74. We raised concerns with our witnesses over the potential of financial incentives to compromise clinical decisions, and asked for the GMC's views. Professor Sir Peter Rubin stated that he had written to every doctor in the UK to address the question of potential conflicts of interest under new commissioning arrangements:

I was unambiguously clear in what I said: "your patient comes first". Clearly, there will be high-level rationing issues, as there always have been since 1948. But for individual patients, financial incentive for the individual doctor or for the individual patient is unacceptable and I have made that very clear in writing to every doctor in the country. We will act if we have evidence that that is not being followed.[62]

75. The Chair of the GMC has written to all doctors to remind them that in the new world of commissioning, their decisions must not be influenced by a conflict of interest, and that patients come first. This unambiguous statement is commendable. We look to the GMC to take action on any evidence of conflicts of interest that have the potential to affect patient care adversely.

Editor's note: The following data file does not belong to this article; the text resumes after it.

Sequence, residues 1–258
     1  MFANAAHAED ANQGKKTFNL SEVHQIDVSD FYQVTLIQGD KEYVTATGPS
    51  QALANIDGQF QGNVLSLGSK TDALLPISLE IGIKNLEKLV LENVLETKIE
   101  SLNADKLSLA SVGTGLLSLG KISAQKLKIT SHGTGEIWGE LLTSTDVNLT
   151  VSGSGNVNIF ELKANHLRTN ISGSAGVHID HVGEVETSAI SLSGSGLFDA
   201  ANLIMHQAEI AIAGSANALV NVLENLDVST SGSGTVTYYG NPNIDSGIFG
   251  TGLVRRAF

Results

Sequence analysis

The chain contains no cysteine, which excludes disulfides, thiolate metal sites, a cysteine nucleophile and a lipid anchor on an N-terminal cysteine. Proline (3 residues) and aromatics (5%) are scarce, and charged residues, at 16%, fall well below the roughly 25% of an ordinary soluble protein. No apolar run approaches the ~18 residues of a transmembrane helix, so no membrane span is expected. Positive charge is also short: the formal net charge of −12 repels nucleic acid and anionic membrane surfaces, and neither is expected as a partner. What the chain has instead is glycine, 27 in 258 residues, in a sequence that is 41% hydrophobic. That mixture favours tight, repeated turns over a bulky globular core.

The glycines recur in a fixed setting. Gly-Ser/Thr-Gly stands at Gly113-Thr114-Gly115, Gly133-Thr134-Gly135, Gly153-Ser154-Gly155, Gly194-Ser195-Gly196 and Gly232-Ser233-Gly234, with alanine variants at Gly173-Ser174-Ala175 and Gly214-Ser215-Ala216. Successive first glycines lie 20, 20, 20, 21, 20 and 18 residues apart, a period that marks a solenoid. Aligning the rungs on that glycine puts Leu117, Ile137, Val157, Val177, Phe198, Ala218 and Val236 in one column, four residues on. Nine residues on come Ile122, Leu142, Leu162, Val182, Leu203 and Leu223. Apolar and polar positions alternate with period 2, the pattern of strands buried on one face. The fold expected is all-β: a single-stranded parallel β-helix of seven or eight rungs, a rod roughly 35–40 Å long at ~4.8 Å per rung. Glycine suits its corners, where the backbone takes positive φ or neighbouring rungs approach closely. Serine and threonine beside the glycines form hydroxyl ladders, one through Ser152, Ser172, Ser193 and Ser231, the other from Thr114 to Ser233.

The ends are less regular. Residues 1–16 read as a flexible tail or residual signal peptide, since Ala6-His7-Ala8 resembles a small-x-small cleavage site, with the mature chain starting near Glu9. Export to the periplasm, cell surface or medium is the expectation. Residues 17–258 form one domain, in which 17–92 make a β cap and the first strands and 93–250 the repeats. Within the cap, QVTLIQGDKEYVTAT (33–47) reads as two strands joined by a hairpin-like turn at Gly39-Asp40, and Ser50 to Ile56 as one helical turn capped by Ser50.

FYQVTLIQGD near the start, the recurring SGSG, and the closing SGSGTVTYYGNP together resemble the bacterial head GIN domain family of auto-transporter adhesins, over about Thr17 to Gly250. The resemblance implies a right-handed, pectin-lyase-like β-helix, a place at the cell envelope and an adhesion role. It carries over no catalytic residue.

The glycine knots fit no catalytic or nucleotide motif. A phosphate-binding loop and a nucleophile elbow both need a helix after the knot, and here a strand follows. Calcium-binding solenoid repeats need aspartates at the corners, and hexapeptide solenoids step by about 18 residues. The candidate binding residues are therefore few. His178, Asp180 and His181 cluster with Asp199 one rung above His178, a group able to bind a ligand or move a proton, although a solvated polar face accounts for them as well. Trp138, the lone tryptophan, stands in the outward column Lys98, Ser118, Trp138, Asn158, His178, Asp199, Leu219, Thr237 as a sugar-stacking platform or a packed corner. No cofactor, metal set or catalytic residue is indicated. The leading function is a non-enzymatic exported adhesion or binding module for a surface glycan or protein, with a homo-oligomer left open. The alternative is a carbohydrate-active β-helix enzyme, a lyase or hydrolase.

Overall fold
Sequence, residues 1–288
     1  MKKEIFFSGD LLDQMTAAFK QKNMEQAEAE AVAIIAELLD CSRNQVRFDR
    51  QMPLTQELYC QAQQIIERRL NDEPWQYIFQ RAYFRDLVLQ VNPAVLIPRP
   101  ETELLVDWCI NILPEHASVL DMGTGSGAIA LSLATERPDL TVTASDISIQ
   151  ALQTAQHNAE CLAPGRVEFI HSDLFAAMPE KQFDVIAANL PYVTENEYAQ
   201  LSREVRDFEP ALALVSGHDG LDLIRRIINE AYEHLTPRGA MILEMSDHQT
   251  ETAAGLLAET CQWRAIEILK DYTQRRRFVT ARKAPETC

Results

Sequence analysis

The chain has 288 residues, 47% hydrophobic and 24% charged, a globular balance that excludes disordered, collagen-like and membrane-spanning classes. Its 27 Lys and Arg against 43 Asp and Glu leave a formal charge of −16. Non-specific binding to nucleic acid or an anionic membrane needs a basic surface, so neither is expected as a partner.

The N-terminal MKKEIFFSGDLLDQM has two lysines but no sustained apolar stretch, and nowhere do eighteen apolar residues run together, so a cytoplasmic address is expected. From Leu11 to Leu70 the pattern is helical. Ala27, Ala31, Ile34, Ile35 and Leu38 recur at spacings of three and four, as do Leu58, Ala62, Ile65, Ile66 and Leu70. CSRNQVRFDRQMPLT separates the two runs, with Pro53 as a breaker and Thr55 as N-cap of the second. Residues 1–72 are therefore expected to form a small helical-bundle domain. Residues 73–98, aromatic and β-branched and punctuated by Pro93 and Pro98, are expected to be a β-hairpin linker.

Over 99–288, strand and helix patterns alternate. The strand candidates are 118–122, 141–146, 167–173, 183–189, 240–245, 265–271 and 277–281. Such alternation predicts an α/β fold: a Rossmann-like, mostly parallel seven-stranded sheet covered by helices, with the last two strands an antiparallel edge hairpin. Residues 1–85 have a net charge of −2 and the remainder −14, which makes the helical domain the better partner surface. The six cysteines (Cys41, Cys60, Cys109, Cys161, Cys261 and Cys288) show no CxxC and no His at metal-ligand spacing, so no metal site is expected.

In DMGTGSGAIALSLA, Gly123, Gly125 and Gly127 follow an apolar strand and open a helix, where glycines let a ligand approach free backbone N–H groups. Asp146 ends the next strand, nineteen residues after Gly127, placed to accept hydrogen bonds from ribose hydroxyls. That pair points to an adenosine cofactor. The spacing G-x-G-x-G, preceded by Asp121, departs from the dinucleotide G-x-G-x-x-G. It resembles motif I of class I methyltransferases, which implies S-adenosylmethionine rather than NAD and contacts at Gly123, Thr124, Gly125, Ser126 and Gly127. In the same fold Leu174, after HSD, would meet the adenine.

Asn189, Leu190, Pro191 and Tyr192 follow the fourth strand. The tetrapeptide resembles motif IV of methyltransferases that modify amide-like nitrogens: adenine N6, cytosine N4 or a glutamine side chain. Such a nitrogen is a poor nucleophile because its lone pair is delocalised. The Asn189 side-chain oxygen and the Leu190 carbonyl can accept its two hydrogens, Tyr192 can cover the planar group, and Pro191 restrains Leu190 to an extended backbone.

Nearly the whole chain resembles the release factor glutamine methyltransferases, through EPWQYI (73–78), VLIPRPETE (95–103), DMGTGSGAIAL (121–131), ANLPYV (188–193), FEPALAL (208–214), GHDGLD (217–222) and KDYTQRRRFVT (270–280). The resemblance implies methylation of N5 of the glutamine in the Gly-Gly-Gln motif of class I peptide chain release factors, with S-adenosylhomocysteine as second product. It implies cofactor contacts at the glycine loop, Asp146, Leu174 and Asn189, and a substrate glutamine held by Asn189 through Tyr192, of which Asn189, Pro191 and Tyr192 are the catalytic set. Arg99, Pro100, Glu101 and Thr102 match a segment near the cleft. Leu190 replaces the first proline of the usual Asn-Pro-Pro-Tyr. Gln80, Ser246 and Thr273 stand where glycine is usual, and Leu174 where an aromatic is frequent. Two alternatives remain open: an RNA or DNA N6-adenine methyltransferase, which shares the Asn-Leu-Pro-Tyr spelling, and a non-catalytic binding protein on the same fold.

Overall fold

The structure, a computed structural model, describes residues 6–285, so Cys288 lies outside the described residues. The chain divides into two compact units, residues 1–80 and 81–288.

76. The Council for Healthcare Regulatory Excellence (CHRE) rated the GMC very highly in its annual review for 2011-12. In evidence to us, however, the CHRE expressed the view that a professional regulator should not develop a leadership function for a profession:

It is our observation that the extent of the role of professional regulators as intended by statute can be misinterpreted on occasion. Professional regulators need to be independent of the profession they are regulating to be successful. It is not the role of a professional regulator to fulfil a leadership function for a profession, or to develop professional practice. These are the responsibility of professional representative organisations. We welcome any efforts to ensure that regulatory bodies to focus on delivering their statutory duties and that seek to avoid burdening regulators with expectation that their role includes activities and responsibilities that they cannot and should not meet. This is in line with the principles of right-touch regulation.[63]